4. Don’t bring your stuffing to the bird; bring your bird to the stuffing. Dressing, stuffing, savory bread pudding, whatever you want to call it — if you are still shoving it into the cavity of your turkey the night before cooking and praying to the food-safety gods that nobody gets salmonella you are playing with fire. Besides the fact that it never really gets any other texture to it except for soggy and just contributes to the turkey taking longer to cook through and dries it out in the process (sorry, Grandma Jean . . .). What can you do to ensure a delicious, safe stuffing with
contrasting textures that is filled with roasted poultry flavor? Follow this simple how-to:

A. Pick your favorite stuffing recipe; make it the day before, and place in a casserole dish or roasting pan and tent with foil.

B. On the big day, when the turkey is almost done cooking, place the stuffing in the oven and bake for thirty minutes or so. Open up the oven, peel back the foil and use either a turkey baster, ladle, or spoon to drizzle a generous portion of the drippings over the top of the stuffing.

C. Replace foil, bake for another 20 minutes or so and then repeat your drizzle and return the pan to the oven without the foil to crisp up the top. Voilà! Stuffing that tastes like your turkey, with a crispy top and no risk!

5. Turkey is best done ahead and allowed to relax. Don’t fall into the trap of wanting your turkey to come out of the oven hot and gleaming right before you want to eat. That turkey needs to sit at least an hour or even two hours to really come into its own before you start to carve it. Besides, there is enough to do at the last minute, especially if you only have one oven. I pull the turkey at 165° in the deepest part of the breast, transfer it to a platter, and tent it with foil (okay, I usually peel a piece of crispy skin off the back first and/or eat the little tail first – nobody will ever know). The juices will be reabsorbed, and your slices will hold up much better when you carve the meat. So get up in the morning, get that turkey in and get ‘er done!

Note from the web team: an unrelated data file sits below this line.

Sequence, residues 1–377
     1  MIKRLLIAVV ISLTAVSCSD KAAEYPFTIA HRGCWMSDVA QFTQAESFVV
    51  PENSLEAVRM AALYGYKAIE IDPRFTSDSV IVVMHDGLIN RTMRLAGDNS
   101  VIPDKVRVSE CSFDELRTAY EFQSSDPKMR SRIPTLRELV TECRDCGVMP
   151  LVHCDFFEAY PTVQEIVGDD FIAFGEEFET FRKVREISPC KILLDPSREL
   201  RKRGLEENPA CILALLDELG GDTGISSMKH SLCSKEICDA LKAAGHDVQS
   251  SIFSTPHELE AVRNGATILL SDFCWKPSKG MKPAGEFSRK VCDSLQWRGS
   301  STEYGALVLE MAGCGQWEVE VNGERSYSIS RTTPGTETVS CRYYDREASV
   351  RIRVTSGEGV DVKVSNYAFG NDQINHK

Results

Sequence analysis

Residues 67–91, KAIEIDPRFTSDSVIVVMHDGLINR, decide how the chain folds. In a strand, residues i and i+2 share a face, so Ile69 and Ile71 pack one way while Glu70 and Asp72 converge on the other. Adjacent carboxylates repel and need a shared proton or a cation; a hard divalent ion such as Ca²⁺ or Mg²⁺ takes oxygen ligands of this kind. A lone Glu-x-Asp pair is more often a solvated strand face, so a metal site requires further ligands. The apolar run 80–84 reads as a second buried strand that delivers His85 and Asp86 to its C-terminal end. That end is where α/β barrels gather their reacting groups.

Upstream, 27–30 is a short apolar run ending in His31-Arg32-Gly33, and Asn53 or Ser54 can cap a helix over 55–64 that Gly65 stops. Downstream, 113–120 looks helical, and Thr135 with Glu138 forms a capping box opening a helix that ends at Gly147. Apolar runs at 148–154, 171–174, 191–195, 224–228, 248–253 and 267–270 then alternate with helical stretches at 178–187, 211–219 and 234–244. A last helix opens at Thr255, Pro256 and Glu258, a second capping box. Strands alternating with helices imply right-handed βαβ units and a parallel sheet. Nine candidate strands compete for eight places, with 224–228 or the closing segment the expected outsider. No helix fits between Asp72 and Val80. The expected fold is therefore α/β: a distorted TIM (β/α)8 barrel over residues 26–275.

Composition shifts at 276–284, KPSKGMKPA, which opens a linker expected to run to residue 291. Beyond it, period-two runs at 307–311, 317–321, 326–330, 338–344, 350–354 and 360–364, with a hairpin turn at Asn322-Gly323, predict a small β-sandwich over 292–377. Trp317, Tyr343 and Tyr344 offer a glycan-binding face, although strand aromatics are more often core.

6. Have a way to hold hot sides. This could be a gas grill outside or even a large cooler with dish towels and 3 inches of boiling water at the bottom. This works surprisingly well for holding things like mashed potatoes and casseroles warm while you put the finishing touches on the roasted root vegetables, pancetta wrapped roasted fennel wedges or even a soup you just don’t have the burner space for. It is a chef’s trick that has saved me on many occasions.

What are some of your favorite ways to ensure Thanksgiving success? I’d love to hear about them in the comments section below.

Find your Local Great Harvest bakery here:

Find a Location Near You

And contact them directly to order your holiday rolls.

 

Here are some other posts you may find helpful for successful fall entertaining:

Image credit: © citalliance / 123RF Stock Photo, modified by text overlay.

I'm Scott Molyneaux and I joined Great Harvest in September 2011 as the Corporate Chef. I am a graduate of the Culinary Institute of America in New York and have worked in various segments of the food industry, including restaurants, large and small scale catering operations, private dining, retail, and lodges over the last 20+ years. At Great Harvest my efforts are focused on research and development of new products, wheat testing and purchasing, and teaching new franchisees how to be phenomenal bakers. I love living in Montana which gives me ample opportunity to pursue my interests of snowboarding, hiking with my dog, camping, riding my ATV in the mountains, playing my guitar, and of course cooking.